The Big Android Dictionary: A Glossary of Terms You Should Know
Android comprises an entire ecosystem of apps, games, functions, and features, so it would only make sense that it has its own lexicon. Words, phrases, and acronyms that didn't exist 7 years ago are now used in an off-the-cuff style by developers and support technicians across the web.
As the platform matures, this list of unique Android words continues to evolve, which makes it hard to stay on top of the latest terminology. But breaking things down into simple terms is what we do best here at Gadget Hacks, so below, we'll cover all of the latest Android lingo in layman's terms.
A screen or menu within an app that can be called on specifically. Use an app like Tasker or Activity Launcher to open an activity directly.
Short for Android Debug Bridge. Software that bridges the gap between your Android device and a computer, allowing you to send high-level commands to your phone or tablet over a USB data cable.
Short for active-matrix organic light-emitting diode. A type of display panel pioneered by Samsung where individual pixels emit their own light, removing the need for the backlight required in traditional LCD panels. AMOLED screens are distinguishable by their deep blacks and saturated colors.
The world's most popular operating system for any platform, even eclipsing Windows in market share. An open-source platform that is currently developed by Google, but was originally derived from Linux as a touch-oriented fork of the popular desktop operating system.
Short for Android Open Source Project. The base of Android as a whole, which is used by manufacturers and independent developers to create the firmware an Android device runs on. Used colloquially to refer to an unmodified version of Android in some cases.
Short for Android application package. The extension used in Android app installation files (e.g., app.apk). Similar in nature to an EXE file on Windows.
Short for application. A software program, generally developed for a mobile platform, that can be used to perform any number of tasks.
Short for Android Runtime. Android's new virtual machine library that replaces the older Dalvik. ART enables the same applications to run on vastly different hardware by acting as a go-between.
A type of wireless connectivity for battery-powered devices that allows for data transfer at speeds of up to 24 Mbps over a theoretical range of up to 100 meters. Used commonly to connect accessories like headphones and speakers to an Android device.
The software that launches Android and its ancillary services when you power on your device. Also provides an interface for sending fastboot (see below) commands over a USB computer connection.
An error that occurs when software has become corrupt and your device immediately restarts when attempting to boot into Android, then repeats this process infinitely. Similar to a soft brick (see Bricked entry below).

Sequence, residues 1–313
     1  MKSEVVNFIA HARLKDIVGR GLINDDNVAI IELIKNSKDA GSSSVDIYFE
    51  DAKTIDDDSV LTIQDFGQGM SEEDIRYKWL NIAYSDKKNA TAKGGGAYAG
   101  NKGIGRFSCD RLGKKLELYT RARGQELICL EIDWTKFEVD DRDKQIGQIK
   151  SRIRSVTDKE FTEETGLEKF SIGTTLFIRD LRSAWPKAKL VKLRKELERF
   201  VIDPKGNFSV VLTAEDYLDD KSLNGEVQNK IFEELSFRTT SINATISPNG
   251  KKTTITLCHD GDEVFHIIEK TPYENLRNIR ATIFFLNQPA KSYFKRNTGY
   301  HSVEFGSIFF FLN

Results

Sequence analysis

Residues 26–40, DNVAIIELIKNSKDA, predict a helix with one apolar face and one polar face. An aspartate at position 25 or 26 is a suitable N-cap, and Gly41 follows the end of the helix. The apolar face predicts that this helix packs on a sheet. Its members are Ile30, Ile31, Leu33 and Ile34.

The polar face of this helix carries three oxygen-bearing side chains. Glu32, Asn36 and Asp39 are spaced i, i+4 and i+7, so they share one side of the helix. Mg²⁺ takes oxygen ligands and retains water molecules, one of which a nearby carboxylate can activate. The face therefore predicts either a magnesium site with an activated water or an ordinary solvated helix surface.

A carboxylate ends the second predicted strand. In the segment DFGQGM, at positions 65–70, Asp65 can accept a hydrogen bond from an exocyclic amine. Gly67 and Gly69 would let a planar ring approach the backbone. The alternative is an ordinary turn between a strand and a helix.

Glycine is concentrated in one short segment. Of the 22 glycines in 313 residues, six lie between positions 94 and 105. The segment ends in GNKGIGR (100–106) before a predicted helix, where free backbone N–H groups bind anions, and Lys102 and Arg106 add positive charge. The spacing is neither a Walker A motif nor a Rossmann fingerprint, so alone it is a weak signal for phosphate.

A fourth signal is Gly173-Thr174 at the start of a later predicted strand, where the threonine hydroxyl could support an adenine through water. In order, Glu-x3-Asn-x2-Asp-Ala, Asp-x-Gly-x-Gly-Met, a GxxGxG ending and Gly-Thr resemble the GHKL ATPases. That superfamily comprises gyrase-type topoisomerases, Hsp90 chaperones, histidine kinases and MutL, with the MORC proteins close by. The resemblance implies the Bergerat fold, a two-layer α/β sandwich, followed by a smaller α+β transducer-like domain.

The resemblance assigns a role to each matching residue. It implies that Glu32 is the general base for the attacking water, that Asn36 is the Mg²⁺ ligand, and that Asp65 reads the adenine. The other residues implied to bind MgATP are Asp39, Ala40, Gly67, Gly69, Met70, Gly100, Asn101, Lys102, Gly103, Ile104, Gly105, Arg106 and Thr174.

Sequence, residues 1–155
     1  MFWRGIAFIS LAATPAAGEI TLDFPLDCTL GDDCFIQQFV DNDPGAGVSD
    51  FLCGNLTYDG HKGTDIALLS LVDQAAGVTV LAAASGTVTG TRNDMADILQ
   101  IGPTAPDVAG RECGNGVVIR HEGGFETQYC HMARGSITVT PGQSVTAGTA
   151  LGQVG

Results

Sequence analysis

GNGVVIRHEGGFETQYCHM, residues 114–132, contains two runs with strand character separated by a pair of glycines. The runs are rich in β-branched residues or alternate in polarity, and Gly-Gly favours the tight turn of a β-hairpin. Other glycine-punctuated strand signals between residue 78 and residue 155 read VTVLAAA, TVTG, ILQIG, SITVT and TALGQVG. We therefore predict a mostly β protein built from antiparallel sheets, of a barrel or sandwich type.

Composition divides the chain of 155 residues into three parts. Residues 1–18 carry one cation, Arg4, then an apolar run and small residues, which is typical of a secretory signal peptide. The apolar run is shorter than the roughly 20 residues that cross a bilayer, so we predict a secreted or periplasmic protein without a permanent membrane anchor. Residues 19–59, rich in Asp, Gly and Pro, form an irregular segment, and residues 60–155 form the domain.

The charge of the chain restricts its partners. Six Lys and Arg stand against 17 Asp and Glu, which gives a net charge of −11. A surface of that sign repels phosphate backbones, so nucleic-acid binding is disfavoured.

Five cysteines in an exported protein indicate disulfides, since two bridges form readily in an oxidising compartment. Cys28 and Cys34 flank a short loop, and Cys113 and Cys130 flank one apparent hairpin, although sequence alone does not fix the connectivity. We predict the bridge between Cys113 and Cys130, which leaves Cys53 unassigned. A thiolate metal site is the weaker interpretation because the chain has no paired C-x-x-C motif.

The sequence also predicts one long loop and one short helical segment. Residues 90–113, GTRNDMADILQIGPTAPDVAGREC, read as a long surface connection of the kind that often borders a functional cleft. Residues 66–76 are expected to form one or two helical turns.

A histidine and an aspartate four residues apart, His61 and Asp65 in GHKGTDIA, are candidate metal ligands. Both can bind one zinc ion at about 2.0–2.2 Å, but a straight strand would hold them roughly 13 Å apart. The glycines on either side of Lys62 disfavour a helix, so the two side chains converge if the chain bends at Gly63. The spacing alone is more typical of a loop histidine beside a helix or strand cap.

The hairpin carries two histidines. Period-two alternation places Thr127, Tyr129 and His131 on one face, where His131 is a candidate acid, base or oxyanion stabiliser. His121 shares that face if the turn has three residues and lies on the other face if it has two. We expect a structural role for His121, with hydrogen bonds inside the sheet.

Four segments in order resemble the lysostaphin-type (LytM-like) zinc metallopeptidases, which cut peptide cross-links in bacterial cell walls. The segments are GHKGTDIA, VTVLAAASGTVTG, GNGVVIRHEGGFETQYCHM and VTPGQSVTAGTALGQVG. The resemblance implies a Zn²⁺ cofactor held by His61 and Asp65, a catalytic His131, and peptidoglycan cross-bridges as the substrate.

A device whose software has been compromised (generally by the user) to the point where it will not boot into Android, rendering it as useless as a paperweight or brick. The term hard bricked is used to refer to a device in such a state as a result of failed hardware, while the term soft bricked generally denotes a software failure that can potentially be fixed.
A text file located in Android's system folder which contains many lines of code that determine several settings for the device. Editing these lines of code can remove restrictions, give users access to new features, change display density, or even boost performance—but root access is required in order to modify the file.
A set of specialized commands or tools that can be installed on a rooted device to give certain apps more functionality. Generally, a BusyBox installer app is used to add the commands to a rooted device.
The service provider for cellular data and services for a mobile phone or tablet. North American carriers include AT&T, Bell, Sprint, T-Mobile, Telus, and Verizon Wireless.
Short for code division multiple access. A mobile voice and data communications standard used by cellular carriers such as Sprint and Verizon. A competing standard to GSM (see below).
Abbreviated CWM, ClockworkMod was one of the first custom recoveries (see below) to be made available for a wide array of Android devices. Like all custom recoveries, ClockworkMod can be used to perform NANDroid backups (see below), apply third-party modifications to Android, or install a custom ROM (see below).
The code name for the first public version of Android (1.5). Released on April 27, 2009.
Third-party software that replaces the stock Android recovery menu, adding the ability to install modification packages (flashable ZIPs), create NANDroid backups (see below), and install custom ROMs (see below).
A version of Android made by independent developers to replace the existing operating system on a phone or tablet. Normally installed through custom recovery (see above), and generally includes several optimizations, as well as extra features.
Also Cyanogen, CM, CM 12.1, etc. One of the first Android custom ROMs (see above) to include support for a wide range of devices. Based on AOSP (see above), CyanogenMod includes several additional features and tweaking options.
The virtual machine library used from Android Cupcake (see above) to Android KitKat (see below). Dalvik was deprecated in favor of ART (see above) in 2014.
The code name for Android version 1.6. Initially released on September 15, 2009.
The code name for Android versions 2.0 through 2.1. Initially released on October 26, 2009.
To return a device's software to its initial state by deleting user settings and files. A factory reset can be performed in custom recovery (see above) or through Android's Settings menu.
A protocol used for sending commands from a computer to an Android device over a USB data connection while the device is in bootloader mode (see above). Fastboot is generally used to manually install firmware (see below) or to install a custom recovery (see above).
The base-level software installed on a device, up to and including the operating system. "Factory firmware" is used to describe the software that comes pre-installed on Android devices before any apps or modifications are added.
To install a custom ROM (see above) or flashable ZIP through custom recovery (see above), or to install a factory operating system image using either Fastboot (see above) or Odin (see below).
A term used to refer to an app suddenly closing, either as a result of a bug, or the user intentionally stopping the app through Android's "App Info" menu. Often abbreviated as FC.